Canola futures on the ICE Canada trading platform continued their upward trek during the week ended July 15 with weather concerns and a pickup in demand assisting the price gains.
Some of the weather concerns were linked to the Canadian Prairies and differing opinions on the condition of the canola crop in each of the provinces. In Alberta, crops were said to be only average with conditions in the more northerly growing areas recently becoming excessively wet after suffering from 40 days of drought conditions. Meanwhile, in parts of Manitoba and Saskatchewan, producers in some areas were now hoping for some precipitation.
Concerns about extremely hot temperatures stressing soybean crops in the U.S. Midwest also fuelled some of the price strength in canola.
Much of the demand that came forward was commercial in nature, and was said to be extending coverage into the fall based on the crop uncertainty in Western Canada. Domestic crushers were well represented in that buying interest.
Western barley contracts on the ICE platform were again ignored by the industry and are unlikely to see any kind of action until the open interest in the October future needs to be liquidated ahead of it becoming a cash delivery month. Cash bids for feed barley, meanwhile, experienced some weakness amid declining demand from the feedlot sector.
Chicago Board of Trade soybean values strengthened significantly during the week ended July 15. Values continued to be pushed upwards in response to the continued uptrend in CBOT corn futures. Concerns about the tight old-and new-crop supply outlook, also influenced much of the upward price momentum. The hot temperatures that were seen hitting the U.S. soybean crop at the wrong time of development also generated some of the strength.
The upside in soybeans was restricted by continued concerns about the state of the U.S. economy and the fact the market is still prone to speculative and commodity fund liquidation when those worries are heightened. The absence of fresh export demand for U.S. soybeans also was an undermining price influence.
Corn futures at the Chicago Board of Trade climbed significantly higher during the reporting period with the tight old-and new-crop supply situation fuelling much of the price rise. The weather outlooks calling for the extreme heat in the U.S. corn belt further underpinned prices. Buy-stops were triggered on the way up helping to amplify the price jump. Profit-taking at the highs, however, did slow the price climb.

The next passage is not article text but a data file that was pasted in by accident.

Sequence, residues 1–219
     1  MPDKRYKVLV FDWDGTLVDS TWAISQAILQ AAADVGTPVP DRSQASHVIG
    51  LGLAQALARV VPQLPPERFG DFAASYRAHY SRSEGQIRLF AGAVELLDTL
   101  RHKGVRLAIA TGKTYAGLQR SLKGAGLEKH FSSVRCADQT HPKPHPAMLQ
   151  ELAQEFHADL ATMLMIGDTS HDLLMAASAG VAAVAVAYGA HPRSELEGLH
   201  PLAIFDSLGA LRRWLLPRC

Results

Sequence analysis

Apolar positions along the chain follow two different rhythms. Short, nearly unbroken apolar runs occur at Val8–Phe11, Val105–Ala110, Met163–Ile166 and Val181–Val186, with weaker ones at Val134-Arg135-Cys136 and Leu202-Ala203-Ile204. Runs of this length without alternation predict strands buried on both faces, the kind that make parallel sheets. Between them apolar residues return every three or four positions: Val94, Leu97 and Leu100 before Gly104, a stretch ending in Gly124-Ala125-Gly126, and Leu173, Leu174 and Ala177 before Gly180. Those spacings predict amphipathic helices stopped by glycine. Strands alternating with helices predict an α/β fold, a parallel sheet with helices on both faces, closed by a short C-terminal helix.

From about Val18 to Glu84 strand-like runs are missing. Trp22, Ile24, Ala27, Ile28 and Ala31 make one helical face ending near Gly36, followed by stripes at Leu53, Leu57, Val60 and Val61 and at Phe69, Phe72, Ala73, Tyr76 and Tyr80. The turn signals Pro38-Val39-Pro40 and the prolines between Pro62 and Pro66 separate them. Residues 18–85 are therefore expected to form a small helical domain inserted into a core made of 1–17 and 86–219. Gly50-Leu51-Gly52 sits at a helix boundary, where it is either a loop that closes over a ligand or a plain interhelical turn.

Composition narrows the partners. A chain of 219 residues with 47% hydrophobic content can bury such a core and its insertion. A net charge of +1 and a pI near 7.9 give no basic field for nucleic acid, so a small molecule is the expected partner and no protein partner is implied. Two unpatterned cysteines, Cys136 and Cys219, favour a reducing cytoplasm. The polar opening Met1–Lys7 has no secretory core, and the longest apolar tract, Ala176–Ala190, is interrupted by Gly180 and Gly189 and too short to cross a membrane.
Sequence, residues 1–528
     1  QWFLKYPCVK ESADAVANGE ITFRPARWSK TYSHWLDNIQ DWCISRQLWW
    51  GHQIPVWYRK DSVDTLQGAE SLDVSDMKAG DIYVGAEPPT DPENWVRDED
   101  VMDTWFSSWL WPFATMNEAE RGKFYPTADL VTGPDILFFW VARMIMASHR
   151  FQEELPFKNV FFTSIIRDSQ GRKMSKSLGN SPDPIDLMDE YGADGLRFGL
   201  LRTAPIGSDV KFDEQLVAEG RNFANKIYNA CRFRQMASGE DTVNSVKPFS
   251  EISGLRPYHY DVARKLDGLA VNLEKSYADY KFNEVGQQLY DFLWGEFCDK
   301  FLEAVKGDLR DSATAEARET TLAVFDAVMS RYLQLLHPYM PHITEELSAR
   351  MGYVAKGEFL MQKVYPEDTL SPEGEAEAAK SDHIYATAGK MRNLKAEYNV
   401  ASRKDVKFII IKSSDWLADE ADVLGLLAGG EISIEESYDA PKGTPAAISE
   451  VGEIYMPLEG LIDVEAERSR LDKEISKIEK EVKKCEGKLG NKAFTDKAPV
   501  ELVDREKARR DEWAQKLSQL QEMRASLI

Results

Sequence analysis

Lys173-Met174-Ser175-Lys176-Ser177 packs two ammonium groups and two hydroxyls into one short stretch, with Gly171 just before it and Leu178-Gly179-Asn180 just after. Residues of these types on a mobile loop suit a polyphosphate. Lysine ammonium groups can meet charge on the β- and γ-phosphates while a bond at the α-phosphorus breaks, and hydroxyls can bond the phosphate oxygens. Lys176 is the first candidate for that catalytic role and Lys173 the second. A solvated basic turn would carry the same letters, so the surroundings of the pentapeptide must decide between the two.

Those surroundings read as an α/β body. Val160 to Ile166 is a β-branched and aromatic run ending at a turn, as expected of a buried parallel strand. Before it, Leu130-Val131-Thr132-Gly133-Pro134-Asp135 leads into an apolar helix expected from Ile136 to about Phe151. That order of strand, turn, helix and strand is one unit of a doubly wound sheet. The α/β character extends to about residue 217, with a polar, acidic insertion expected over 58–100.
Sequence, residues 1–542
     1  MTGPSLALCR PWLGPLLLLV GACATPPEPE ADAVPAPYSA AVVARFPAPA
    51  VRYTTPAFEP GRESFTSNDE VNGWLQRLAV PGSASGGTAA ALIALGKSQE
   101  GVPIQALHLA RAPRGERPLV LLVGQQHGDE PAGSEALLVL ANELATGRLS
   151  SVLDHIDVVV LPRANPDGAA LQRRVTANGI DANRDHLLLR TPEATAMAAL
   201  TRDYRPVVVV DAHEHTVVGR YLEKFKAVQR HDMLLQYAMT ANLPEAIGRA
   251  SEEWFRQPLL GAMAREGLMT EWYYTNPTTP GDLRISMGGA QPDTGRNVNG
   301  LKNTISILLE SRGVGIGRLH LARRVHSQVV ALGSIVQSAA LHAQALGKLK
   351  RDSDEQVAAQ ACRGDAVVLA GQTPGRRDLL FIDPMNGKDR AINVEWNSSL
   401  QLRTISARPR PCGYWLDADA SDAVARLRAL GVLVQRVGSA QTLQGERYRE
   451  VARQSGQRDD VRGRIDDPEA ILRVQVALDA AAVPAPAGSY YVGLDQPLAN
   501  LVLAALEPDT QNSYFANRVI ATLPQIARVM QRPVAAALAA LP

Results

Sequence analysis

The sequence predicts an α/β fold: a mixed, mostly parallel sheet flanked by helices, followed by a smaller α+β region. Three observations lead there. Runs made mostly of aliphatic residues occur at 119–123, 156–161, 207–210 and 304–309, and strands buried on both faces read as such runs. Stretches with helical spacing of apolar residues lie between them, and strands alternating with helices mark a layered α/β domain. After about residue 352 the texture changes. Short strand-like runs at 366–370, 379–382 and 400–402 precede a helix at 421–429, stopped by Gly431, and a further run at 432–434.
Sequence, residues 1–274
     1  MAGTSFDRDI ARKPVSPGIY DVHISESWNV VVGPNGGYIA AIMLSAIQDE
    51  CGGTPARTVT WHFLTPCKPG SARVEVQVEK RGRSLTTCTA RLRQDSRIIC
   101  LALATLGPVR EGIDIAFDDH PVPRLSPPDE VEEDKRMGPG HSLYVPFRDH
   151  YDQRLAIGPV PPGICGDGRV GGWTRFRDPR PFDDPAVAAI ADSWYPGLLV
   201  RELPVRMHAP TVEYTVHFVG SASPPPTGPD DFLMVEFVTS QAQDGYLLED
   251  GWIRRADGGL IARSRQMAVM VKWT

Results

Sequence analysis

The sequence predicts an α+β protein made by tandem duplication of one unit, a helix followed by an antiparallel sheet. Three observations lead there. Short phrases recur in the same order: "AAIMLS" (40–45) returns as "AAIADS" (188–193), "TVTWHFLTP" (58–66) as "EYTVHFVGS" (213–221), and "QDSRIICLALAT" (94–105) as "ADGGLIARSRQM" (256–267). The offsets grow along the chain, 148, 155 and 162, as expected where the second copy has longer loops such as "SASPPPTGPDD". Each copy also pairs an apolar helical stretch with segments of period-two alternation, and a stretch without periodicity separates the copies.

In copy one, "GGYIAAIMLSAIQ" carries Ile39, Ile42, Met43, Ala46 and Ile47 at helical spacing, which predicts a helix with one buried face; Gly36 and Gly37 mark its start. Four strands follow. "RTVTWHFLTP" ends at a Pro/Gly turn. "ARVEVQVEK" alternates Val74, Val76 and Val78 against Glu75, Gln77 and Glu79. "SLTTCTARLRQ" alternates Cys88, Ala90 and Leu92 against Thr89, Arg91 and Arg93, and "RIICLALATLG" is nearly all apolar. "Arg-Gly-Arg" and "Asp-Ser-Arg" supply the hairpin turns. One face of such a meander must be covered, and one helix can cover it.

Wheat futures at the CBOT, KCBT and MGE also posted gains, although the price rise in Minneapolis wheat values were muted in comparison to the other exchanges.
Wheat futures followed the uptrend in CBOT corn with some chart-related demand helping to augment the price rise. The gains in wheat were tempered by the pending large Russian and Ukraine wheat harvest and news those countries were already starting to steal export business away from the U.S. The advancing winter wheat harvest in the U.S. also limited the upside price potential.
The USDA’s U.S. soybean carry-over projections released during the week generally fell within pre-report projections.
The USDA lowered its 2011-12 U.S. soybean ending stocks estimate to 175 million bushels from its June forecast of 200 million, with the estimate also down from the 2010-11 forecast of 190 million.
The USDA 2011-12 corn carry-over forecast of 870 million bushels was down from its month-ago projection of 880 million, but above the 2010-11 expectation of 695 million.
U.S. wheat ending stocks in 2011-12 were pegged by the USDA at 670 million bushels, below the 861 million estimated in June and the 2010-11 projection of 687 million.
There is some sentiment among the U.S. industry that the USDA is off beat in its estimates and that supplies, particularly corn and soybeans, will continue to be reduced in upcoming supply/demand updates.
Industry participants feel that the USDA has not factored in the poor growing conditions as indicated by the lower crop ratings than at the same time a year ago. Flooding in the U.S. key corn-growing area of Iowa and the lost crop production potential has also not been factored in the outlook yet, based on these participants.
As for U.S. prices, the general expectation is that corn and soybean futures will continue to trend up until more is known about the condition of the crop. So look for weather to be a dominant feature in determining the price direction for those crops.
As for canola, it may also be a bit too early to again start throwing around price outlooks calling for C$700 per tonne, but some participants feel that a pre-harvest high of C$650 should be obtainable.
The key supportive feature for canola will be the ability of CBOT soybeans to continue its weather-related rally. Any problems with weather and Canada’s canola crop outlook will only further enhance that strength.
However, if both U.S. soybean and western Canadian canola output comes in higher than expected, there are ideas that ICE Canada canola futures could easily sink significantly lower and possibly trend in the C$475-to $515-per-tonne price range.
Dwayne Klassen writes for Commodity News Service Canada, a Winnipeg company specializing in grain and
commodity market reporting.